To our knowledge, no one has ever published a paper that is based on a forecasting audit, as
defined here. We suggest that for forecasts involving important public policies, such audits
should be expected and perhaps even required. In addition, they should be fully disclosed with
respect to who did the audit, what biases might be involved, and what were the detailed findings
from the audit.
Reviews of climate forecasts
We could not find any comprehensive reviews of climate forecasting efforts. With the exception
of Stewart and Glantz (1985), the reviews did not refer to evidence-based findings. None of the
reviews provided explicit ratings of the processes and, again with the exception of Stewart and
Glantz, little attention was given to full disclosure of the reviewing process. Finally, some
reviews ignored the forecasting methods and focused on the accuracy of the forecasts.
Stewart and Glantz (1985) conducted an audit of the National Defense University (NDU
1978) forecasting process that we described above. They were critical of the report because it
lacked an awareness of proper forecasting methodology. Their audit was hampered because the
organizers of the study said that the raw data had been destroyed and a request to the Institute for
the Future about the sensitivity of the forecasts to the weights went unanswered. Judging from a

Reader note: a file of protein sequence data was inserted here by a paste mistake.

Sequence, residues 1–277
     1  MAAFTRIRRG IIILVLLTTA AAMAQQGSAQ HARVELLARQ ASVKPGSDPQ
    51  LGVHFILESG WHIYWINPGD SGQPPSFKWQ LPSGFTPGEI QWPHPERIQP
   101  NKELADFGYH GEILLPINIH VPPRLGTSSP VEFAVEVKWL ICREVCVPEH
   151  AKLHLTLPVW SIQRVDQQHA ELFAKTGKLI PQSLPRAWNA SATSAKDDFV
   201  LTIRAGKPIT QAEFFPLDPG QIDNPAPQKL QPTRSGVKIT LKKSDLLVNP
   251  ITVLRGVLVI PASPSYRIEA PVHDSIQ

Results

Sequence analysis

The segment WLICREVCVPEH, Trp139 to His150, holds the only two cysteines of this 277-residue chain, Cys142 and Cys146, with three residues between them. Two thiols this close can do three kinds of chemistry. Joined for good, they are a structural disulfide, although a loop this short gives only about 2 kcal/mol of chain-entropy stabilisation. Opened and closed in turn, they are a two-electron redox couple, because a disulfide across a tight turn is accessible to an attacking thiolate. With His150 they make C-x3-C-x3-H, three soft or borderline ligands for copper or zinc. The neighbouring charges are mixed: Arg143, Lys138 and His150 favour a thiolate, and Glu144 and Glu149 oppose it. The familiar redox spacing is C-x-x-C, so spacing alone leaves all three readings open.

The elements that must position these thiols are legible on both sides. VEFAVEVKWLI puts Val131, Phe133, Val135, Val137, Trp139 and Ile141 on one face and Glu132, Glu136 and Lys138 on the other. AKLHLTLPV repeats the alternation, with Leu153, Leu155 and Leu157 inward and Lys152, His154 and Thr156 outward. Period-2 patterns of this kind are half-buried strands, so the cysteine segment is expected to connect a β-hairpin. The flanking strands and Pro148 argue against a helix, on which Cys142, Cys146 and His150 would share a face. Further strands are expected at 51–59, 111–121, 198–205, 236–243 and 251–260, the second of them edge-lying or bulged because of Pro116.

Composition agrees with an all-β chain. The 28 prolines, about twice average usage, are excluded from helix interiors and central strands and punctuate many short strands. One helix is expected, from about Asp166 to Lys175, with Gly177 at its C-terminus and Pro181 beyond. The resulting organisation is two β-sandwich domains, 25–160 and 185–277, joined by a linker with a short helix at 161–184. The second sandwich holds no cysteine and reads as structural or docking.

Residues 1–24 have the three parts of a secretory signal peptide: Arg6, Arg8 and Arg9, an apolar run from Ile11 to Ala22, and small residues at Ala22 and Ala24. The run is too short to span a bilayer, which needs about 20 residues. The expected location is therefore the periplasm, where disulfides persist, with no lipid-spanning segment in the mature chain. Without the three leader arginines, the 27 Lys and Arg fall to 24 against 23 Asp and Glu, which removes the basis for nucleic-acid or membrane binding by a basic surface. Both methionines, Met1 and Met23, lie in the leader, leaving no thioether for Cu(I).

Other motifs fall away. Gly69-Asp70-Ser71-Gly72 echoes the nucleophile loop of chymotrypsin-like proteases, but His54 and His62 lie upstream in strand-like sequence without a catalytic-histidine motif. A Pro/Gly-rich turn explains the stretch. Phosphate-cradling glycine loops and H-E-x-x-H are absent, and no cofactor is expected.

Google Scholar search, climate forecasters have paid little attention to this paper.
In a wide-ranging article on the broad topic of science and the environment, Bryson (1993)
was critical of the use of models for forecasting climate. He wrote:
…it has never been demonstrated that the GCMs [General Circulation Models] are
capable of prediction with any level of accuracy. When a modeler says that his model
shows that doubling the carbon dioxide in the atmosphere will raise the global average
temperature two to three degrees Centigrade, he really means that a simulation of the
present global temperature with current carbon dioxide levels yields a mean value two to
three degrees Centigrade lower than his model simulation with doubled carbon dioxide.
This implies, though it rarely appears in the news media, that the error in simulating the
present will be unchanged in simulating the future case with doubled carbon dioxide.
That has never been demonstrated—it is faith rather than science.” (pp. 790-791)
Balling (2005), Christy (2005), Frauenfeld (2005), and Posmentier and Soon (2005) each assess
different aspects of the use of climate models for forecasting and each comes to broadly the same
conclusion: The models do not represent the real world sufficiently well to be relied upon for